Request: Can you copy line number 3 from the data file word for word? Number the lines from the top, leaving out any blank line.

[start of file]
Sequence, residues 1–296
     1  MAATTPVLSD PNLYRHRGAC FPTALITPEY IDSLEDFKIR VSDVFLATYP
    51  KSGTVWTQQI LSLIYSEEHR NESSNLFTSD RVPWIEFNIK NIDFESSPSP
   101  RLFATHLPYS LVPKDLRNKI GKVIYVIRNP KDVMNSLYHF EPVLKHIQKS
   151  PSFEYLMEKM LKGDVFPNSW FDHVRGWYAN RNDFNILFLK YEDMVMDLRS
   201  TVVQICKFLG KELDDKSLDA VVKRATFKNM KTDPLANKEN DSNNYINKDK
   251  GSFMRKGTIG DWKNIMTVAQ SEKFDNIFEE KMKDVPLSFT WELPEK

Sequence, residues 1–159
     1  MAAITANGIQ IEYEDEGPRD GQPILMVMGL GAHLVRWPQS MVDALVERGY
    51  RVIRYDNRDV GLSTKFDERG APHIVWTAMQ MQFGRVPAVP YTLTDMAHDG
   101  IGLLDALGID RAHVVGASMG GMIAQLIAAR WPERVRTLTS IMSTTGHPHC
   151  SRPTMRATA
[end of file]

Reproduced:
    51  KSGTVWTQQI LSLIYSEEHR NESSNLFTSD RVPWIEFNIK NIDFESSPSP